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For a period of five years, Blind Melon frontman Shannon Hoon diligently chronicled his own life, videotaping himself with a Hi-8 video camera through every step of his musical journey — starting out in Indiana, through his meteoric rise to alt-rock icon, up to the day of his death in 1995. These captivating moments finally come to life, beautifully edited, in the new documentary “All I Can Say,” which premieres Friday at the Tribeca Film Festival.
The film’s title is taken from the opening lines of Blind Melon’s instantly recognizable 1993 smash, “No Rain.” Culled entirely from Hoon’s archives, the footage is carefully crafted by Grammy-winning director Danny Clinch, along with co-directors Taryn Gould and Colleen Hennessy.
Years - Hoon - Passing - Girlfriend - Lisa
Years after Hoon’s passing, his girlfriend, Lisa Sinha, presented Clinch with a box full of tapes shot with the Hi-8 camera. What started as a different project about Blind Melon’s past and where they were headed in their current incarnation then took on a whole other life when bassist Brad Smith suggested the story just be told from Hoon’s perspective.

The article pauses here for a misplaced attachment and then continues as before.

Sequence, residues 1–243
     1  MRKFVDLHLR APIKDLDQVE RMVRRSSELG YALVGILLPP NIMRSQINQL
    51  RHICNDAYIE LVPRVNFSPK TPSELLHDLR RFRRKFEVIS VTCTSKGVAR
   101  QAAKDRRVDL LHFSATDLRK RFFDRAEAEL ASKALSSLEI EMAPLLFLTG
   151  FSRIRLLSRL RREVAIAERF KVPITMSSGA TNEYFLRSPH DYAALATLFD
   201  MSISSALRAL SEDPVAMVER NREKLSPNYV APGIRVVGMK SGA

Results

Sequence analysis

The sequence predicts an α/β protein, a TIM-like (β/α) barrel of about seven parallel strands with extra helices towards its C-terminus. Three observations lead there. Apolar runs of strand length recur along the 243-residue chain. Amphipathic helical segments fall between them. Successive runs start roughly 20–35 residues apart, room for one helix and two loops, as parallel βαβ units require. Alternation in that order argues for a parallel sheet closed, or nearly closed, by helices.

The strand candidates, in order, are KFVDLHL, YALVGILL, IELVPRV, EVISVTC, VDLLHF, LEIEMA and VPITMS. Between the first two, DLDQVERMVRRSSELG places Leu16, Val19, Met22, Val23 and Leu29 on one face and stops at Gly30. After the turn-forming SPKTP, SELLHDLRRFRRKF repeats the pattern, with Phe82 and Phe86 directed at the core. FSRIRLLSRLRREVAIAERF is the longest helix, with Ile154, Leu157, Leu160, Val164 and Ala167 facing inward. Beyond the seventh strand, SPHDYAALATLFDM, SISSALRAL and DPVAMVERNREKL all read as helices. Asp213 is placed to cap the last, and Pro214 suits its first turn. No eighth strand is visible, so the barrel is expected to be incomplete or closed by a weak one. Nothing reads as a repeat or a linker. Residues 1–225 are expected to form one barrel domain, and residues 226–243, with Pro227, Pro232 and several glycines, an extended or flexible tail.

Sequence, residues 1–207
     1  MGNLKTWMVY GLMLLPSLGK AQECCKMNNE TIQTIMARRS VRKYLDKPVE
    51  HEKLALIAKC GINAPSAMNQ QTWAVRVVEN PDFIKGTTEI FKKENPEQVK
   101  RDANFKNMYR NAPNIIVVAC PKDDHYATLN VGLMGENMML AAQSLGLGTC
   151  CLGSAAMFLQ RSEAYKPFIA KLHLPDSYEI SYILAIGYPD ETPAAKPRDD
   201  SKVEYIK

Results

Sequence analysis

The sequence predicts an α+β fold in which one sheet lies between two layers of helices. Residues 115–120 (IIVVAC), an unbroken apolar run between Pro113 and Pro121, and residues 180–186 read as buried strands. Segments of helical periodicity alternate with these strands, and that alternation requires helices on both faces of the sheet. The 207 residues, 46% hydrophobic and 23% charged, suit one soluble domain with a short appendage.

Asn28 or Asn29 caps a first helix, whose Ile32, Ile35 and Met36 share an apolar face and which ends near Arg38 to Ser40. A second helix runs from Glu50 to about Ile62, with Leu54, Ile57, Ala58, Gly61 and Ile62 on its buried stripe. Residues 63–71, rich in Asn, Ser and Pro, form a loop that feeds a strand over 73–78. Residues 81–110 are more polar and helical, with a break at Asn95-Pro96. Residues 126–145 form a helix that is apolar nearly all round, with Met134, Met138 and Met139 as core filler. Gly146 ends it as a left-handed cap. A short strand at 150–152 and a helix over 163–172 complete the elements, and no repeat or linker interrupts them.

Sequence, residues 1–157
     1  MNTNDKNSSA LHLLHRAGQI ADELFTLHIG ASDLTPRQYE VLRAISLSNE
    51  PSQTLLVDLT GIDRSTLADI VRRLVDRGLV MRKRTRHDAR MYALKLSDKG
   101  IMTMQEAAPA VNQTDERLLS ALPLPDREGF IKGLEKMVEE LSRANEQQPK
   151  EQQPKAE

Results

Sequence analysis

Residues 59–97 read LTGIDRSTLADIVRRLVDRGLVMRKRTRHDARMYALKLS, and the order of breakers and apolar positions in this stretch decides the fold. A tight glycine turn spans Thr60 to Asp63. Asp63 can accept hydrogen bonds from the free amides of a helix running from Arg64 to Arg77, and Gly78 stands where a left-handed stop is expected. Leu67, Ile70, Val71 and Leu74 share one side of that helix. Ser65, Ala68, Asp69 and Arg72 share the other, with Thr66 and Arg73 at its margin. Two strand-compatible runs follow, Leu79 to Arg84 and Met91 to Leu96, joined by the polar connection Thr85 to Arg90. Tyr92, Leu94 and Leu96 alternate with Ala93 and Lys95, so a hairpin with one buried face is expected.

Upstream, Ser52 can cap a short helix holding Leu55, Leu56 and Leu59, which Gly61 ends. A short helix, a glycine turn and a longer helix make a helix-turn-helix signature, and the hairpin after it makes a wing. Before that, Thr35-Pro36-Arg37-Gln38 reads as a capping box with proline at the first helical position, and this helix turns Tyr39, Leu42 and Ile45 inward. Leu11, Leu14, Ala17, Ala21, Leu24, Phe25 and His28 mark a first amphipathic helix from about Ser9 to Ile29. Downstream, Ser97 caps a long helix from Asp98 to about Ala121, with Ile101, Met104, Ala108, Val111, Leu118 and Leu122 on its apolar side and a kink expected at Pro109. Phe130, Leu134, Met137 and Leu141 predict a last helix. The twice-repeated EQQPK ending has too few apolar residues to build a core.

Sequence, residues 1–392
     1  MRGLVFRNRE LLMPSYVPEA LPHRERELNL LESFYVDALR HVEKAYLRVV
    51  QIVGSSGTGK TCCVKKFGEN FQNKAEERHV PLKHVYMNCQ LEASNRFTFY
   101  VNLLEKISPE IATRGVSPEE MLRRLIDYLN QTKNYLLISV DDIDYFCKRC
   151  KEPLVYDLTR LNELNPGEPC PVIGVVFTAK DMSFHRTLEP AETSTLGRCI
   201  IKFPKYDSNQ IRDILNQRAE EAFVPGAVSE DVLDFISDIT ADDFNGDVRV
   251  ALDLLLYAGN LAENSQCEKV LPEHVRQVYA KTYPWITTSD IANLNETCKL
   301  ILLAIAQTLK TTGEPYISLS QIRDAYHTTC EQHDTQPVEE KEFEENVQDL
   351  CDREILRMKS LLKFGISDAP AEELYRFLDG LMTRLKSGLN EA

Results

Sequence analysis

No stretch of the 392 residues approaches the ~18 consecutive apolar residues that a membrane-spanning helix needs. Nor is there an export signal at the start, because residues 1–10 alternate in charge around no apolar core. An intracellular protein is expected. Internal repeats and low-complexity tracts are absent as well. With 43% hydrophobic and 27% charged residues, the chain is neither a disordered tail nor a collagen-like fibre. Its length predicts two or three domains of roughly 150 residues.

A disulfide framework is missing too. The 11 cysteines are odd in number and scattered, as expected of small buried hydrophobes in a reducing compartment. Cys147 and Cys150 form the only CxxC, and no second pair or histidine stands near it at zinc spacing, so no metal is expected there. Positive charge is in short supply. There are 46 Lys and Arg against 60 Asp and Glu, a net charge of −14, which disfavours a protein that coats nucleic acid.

“We realized that we basically had all these videos of a guy who was videotaping himself obsessively for five years from before he was famous and up until really the day of the day of his death,” Clinch tells Variety. “It was at the dawn of technology where people started to film each other, and he was way ahead of the curve in a way. It’s like kind of one of the earliest moments of someone who was self-archiving his own life.”
Begins - Footage - Shot - Hoon - Los
The documentary begins with footage shot before Hoon departed for Los Angeles and met bandmates Rogers Stevens, Brad Smith, Christopher Thorn and Glen Graham to form Blind Melon. It takes viewers inside all of the big, small and intimate intricacies of a life filled with...
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